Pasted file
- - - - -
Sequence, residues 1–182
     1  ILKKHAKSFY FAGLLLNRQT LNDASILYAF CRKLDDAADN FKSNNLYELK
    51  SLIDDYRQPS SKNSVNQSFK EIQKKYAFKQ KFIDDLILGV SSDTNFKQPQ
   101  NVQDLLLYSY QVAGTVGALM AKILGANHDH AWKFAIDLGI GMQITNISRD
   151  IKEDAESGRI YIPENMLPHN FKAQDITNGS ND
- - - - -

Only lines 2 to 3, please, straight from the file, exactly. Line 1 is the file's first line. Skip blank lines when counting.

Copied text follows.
     1  ILKKHAKSFY FAGLLLNRQT LNDASILYAF CRKLDDAADN FKSNNLYELK
    51  SLIDDYRQPS SKNSVNQSFK EIQKKYAFKQ KFIDDLILGV SSDTNFKQPQ